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Career and Education Opportunities for Riggers

In general, riggers set up or repair rigging for construction projects, manufacturing plants, logging yards, ships and shipyards, or for the entertainment industry.

Select a state from the map below to find education opportunities to begin your Rigger career.


Highlighted states contain educational opportunities in Specialized Equipment


Rigger video from the State of New Jersey Dept. of Labor and Workforce Development

Riggers decide on gear such as cables and winches, in line with load weights and sizes and work schedules. They also attach loads to rigging to furnish support or ready them for moving, using hand and power tools. Equally important, riggers have to tilt and turn suspended loads to maneuver over and/or around obstacles, using multi-point suspension techniques. They are often called upon to control movement of heavy equipment through narrow openings or confined spaces, using chainfalls and other equipment. They are expected to test rigging to insure safety and reliability. Finally, riggers manipulate rigging lines and pulling gear to move or support materials such as heavy equipment or theatrical sets.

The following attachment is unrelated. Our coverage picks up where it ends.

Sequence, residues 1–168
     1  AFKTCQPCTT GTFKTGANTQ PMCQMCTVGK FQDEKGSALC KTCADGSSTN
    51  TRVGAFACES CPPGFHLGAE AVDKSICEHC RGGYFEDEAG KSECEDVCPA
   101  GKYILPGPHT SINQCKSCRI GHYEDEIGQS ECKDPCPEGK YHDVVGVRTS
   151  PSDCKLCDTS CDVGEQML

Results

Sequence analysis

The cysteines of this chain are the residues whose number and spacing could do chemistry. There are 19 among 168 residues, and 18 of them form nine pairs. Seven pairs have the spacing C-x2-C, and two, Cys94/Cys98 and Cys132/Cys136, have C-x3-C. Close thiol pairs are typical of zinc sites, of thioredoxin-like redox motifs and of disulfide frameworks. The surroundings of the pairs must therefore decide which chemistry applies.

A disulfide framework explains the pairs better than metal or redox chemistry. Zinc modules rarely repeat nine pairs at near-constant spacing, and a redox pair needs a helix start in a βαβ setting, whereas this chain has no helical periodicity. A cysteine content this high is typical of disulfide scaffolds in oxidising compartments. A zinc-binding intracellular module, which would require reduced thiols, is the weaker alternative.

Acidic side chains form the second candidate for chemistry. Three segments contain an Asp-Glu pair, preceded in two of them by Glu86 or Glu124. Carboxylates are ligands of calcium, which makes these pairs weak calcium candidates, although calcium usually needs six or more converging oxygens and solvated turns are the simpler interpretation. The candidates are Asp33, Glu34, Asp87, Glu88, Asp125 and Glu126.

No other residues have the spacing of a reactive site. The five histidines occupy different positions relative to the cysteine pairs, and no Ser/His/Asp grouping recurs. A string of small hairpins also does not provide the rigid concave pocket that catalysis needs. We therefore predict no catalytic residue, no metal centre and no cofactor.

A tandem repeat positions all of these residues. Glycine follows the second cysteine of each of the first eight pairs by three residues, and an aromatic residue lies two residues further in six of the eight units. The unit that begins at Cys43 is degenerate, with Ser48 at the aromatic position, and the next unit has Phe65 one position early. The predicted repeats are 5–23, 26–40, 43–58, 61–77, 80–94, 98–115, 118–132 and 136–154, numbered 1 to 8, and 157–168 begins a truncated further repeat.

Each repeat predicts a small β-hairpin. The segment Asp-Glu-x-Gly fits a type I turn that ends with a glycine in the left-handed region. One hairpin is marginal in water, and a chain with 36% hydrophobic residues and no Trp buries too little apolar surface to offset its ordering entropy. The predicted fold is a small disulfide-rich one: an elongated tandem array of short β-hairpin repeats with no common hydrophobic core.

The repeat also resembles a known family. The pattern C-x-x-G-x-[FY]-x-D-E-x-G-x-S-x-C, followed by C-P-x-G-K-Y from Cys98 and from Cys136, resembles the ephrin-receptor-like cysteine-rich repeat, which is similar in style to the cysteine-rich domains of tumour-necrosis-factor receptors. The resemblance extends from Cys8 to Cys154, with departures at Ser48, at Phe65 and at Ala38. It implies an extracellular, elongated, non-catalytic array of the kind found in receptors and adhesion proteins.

Every day, riggers are expected to be able to visualize how things come together and can be organized. They need to evaluate problems as they arise. It is also important that they judge how far and close objects are from one another and themselves.